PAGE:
Case Diagnosis: Calcific Tendonitis of the Right Supraspinatus Tendon
A 73-year-old male with hypertension and type 2 diabetes presented to clinic for six months of right shoulder pain. He reported the pain was over the superior lateral aspect of the right shoulder. Physical exam revealed positive impingement signs and empty can. Right shoulder X-ray showed a large calcific deposit near the supraspinatus tendon. The patient failed conservative measures and wanted a different treatment. With sterile technique and ultrasound guidance, we injected 3cc of 1% lidocaine into the supraspinatus tendon and performed tenotomy with a 22-guage needle. Thereafter, 3cc of 1% lidocaine and 40mg of depomedrol was placed into the subacromial bursa. Three more treatments were performed with resolution of symptoms.
Calcific tendonitis is a relatively common disorder that can be asymptomatic in some people but for others it can result in debilitating shoulder pain. Impingement syndrome of the shoulder is often implicated in calcific tendonitis. The diagnosis can be made with a thorough history, physical exam, and imaging. Initial management involves non-steroidal anti-inflammatory medications, physical therapy, and modalities such as extracorporeal shock wave therapy. Refractory cases can be treated with interventions including ultrasound guided needle lavage or barbotage. Arthroscopic surgical decompression may also be considered. For this patient, we offered a referral to orthopedic surgery, but he declined and preferred trial of ultrasound guided barbotage. We provided a total of four treatments over the span of two years. After each treatment, the patient’s pain, symptoms and function improved significantly. Follow-up imaging revealed resolution of the calcific deposit.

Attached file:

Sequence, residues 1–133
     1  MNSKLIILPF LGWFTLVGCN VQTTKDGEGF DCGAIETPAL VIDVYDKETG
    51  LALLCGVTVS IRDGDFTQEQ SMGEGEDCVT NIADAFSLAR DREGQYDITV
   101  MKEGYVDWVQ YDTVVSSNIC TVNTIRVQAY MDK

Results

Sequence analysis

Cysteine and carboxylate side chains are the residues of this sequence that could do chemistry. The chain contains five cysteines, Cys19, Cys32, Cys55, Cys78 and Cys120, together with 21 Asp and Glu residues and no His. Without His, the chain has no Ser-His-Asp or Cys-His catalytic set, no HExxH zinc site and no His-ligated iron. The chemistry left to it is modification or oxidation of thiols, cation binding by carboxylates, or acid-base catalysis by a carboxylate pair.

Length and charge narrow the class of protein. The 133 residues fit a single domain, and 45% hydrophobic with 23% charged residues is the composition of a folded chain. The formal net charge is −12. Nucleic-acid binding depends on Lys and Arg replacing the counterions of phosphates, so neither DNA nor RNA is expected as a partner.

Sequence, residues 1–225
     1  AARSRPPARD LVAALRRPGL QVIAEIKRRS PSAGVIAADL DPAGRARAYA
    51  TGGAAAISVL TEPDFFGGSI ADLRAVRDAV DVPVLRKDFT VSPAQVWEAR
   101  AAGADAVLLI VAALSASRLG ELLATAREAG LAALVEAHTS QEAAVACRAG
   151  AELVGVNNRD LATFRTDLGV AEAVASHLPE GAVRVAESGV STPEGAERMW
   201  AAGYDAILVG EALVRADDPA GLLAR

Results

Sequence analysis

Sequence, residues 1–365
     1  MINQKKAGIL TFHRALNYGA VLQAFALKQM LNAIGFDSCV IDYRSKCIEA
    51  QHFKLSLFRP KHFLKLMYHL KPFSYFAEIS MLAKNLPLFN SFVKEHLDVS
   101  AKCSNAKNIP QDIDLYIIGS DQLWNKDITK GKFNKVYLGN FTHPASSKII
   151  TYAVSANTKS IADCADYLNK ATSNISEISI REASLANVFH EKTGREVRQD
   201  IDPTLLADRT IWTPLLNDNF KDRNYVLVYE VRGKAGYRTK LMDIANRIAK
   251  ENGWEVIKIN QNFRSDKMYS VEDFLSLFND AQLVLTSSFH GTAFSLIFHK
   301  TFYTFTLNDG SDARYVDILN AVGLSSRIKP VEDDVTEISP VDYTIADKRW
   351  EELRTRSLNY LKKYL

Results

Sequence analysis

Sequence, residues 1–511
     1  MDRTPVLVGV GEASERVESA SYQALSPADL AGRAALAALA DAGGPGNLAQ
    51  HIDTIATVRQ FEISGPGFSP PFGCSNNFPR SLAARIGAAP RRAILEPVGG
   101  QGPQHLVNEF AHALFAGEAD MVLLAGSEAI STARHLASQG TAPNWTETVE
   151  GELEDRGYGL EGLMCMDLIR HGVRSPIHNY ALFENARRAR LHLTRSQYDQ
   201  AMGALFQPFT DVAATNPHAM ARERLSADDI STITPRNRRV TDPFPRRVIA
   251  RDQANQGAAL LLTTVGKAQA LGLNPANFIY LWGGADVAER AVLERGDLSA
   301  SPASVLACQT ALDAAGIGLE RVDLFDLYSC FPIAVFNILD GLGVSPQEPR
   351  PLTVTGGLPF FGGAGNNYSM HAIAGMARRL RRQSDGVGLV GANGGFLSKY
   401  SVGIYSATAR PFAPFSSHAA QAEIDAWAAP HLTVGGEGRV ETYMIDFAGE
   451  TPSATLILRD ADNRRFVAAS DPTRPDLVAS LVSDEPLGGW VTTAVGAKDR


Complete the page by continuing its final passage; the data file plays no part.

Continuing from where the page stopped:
Calcific tendonitis is a common etiology of shoulder pain. Initial management involves medications, physical therapy, and extracorporeal shock wave therapy. When conservative management fails, ultrasound guided needle barbotage is an excellent treatment option.